Hello folks! Hubby and I were doing some framing this morning, and I caught him in the act of “tightening backs.” I thought I’d write a quick post in case any crafters out there would be interested in making the backs of their framed artwork look nice and finished!
About a hundred years ago, my first stay-at-home-Mom-money-making-effort was being a consultant for Creative Circle… a company that sold craft kits through home parties. My first “party” ended up also being my baby shower (That was a surprise… here I was teaching a bunch of giggling ladies how to do counted cross-stitch, and they were getting ready to yell “SURPRISE!”) and I didn’t last long with that job, because:
1. Jordan was born, and I realized that being a Mommy was a bigger job than I expected.
2. I also realized that standing up in front of a crowd of ladies made me very nervous. (Still does, but I don’t feel like I’m going to faint anymore.)
3. I also also realized that it takes LOTS of networking and pressure to get people to have parties in their home, and I wasn’t cut out for that at all.
Anway… to shorten a story that’s getting so long that you probably forgot what the point was… one of our Creative Circle training sessions was about picture framing. It was actually just an afternoon where one crafty lady showed a bunch of us how to frame needlework. This next tip was the best, the most useful, and the most fun. Try it. You’ll like it.
The backs of pictures are not usually seen, but it just feels good to finish them off nicely. We use heavy weight brown kraft paper as a backing, and glue it down with a thin layer of Elmer’s Glue. After years of framing pictures, we recommend you get the thickest stuff you can find. The thin stuff is nearly impossible to work with and just when you get it done, you’ll pick the picture up and stick your thumb through the back and you won’t be happy.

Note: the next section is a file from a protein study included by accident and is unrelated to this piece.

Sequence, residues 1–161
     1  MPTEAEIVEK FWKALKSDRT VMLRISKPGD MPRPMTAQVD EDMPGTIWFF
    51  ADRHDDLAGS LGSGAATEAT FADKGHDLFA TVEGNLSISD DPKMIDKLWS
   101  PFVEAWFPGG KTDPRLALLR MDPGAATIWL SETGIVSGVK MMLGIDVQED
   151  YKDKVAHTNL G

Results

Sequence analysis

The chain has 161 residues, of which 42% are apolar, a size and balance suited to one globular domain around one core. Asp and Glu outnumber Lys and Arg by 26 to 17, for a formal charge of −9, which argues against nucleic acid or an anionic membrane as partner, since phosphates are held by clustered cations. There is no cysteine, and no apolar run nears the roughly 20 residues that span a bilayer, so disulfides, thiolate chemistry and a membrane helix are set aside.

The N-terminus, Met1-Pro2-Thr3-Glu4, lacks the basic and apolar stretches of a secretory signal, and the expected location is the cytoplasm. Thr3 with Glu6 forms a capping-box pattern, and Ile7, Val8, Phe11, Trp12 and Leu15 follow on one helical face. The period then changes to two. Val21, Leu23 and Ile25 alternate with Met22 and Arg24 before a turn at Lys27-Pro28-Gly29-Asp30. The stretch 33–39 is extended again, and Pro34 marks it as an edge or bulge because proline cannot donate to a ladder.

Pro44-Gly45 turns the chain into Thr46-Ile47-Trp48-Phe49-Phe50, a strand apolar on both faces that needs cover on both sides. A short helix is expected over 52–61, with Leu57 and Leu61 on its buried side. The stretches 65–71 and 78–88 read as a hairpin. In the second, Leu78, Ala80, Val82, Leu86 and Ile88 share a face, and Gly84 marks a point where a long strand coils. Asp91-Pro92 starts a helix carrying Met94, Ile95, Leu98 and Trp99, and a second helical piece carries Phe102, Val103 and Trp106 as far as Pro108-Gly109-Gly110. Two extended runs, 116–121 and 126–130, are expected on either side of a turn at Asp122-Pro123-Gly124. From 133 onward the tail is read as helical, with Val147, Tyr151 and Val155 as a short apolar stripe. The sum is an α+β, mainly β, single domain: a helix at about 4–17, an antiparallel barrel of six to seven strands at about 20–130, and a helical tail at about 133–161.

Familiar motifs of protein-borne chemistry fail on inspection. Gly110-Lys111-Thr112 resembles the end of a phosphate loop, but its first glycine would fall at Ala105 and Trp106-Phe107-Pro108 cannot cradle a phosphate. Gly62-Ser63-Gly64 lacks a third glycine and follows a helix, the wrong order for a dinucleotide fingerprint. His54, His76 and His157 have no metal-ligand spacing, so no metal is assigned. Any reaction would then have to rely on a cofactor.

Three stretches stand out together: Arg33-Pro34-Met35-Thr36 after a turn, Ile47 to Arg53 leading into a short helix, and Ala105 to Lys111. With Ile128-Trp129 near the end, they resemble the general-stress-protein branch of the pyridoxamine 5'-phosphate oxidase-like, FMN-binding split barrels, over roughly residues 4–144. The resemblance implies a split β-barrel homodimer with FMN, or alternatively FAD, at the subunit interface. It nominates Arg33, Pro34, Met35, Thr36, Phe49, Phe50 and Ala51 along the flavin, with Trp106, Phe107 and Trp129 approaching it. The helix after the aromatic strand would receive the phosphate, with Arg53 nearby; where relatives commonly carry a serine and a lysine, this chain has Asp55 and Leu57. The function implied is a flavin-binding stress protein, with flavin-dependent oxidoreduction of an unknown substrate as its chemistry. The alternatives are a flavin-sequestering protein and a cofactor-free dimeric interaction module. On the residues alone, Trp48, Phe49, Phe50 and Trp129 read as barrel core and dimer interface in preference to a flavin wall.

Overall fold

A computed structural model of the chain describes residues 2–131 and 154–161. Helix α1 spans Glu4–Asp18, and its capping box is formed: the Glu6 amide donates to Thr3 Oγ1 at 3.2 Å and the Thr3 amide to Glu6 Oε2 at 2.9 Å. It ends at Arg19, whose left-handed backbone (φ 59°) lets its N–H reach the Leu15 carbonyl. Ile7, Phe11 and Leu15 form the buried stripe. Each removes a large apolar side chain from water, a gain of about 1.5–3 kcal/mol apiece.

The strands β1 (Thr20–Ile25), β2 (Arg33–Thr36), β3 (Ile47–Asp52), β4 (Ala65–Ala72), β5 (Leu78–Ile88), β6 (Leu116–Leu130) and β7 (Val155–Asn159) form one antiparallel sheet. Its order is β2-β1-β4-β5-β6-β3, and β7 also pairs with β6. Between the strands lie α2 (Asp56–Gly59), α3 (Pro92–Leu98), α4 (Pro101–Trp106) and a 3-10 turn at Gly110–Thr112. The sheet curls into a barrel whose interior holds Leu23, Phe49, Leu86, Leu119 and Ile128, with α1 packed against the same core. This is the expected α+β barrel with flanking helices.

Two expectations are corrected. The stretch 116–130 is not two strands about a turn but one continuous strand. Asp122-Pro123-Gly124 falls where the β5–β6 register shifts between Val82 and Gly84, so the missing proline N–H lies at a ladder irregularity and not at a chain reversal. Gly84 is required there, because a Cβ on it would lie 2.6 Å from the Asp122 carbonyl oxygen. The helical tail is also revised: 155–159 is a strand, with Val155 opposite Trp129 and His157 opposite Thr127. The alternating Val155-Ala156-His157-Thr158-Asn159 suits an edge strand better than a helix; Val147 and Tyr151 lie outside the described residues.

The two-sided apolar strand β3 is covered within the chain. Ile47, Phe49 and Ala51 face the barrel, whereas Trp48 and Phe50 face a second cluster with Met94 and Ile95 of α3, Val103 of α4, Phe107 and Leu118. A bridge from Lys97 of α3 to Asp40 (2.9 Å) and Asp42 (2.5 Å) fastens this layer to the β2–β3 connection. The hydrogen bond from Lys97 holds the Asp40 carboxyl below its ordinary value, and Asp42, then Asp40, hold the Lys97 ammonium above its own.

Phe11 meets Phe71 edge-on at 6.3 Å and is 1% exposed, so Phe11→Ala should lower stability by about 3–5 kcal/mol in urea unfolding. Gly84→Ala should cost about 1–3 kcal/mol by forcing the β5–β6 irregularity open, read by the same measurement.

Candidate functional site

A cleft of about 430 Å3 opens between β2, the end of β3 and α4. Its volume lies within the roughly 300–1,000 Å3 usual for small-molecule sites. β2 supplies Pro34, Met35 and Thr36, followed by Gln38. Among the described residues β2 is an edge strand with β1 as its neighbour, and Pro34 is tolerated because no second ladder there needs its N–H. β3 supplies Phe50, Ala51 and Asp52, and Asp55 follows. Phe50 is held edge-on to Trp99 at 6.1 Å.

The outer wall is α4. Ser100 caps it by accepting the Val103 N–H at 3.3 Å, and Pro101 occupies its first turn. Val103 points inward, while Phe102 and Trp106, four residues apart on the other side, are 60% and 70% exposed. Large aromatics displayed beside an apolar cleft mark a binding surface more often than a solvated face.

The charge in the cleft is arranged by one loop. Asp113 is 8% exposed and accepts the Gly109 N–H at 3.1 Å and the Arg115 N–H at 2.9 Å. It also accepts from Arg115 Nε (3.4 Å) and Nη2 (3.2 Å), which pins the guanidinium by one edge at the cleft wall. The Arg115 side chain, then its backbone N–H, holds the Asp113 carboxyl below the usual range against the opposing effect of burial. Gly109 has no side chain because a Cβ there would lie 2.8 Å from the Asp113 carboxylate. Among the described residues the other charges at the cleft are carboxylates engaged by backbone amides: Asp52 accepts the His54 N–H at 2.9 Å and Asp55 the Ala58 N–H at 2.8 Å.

Cut your paperbacking just a little shy of the picture frame size. It tends to stretch a bit when damp with glue. We run a bead or two of Elmer’s (depending on the frame width), and smear it with our fingers to cover the entire frame back. We usually are framing more than one picture, so go ahead and glue up two or three pictures… letting the glue get a bit tacky helps. And you don’t need globs of glue… too much will squeeze out around the edges.
Now for the fun part… your paper back will most likely be wrinkly. Take a squirt bottle filled with water and wet the back. Not soaking wet, but definitely wet all over…
Then, take a hair dryer, hold it at a low angle or very close to the picture, and dry it…
(I have no idea why that picture insists on being sideways.) The paper back will shrink right before your eyes, and very quickly your picture back will be tight as a drum!
The wetting/blow drying process is actually pretty fun, and sort of relaxing. And if you have a lot to do, and a bit of Tom Sawyer in you, it’s pretty easy to convince family and friends to help.
Safety tip: Don’t hold the hair dryer directly on the paper or stick it into a puddle of water. Whenever water and electricity are both involved use caution!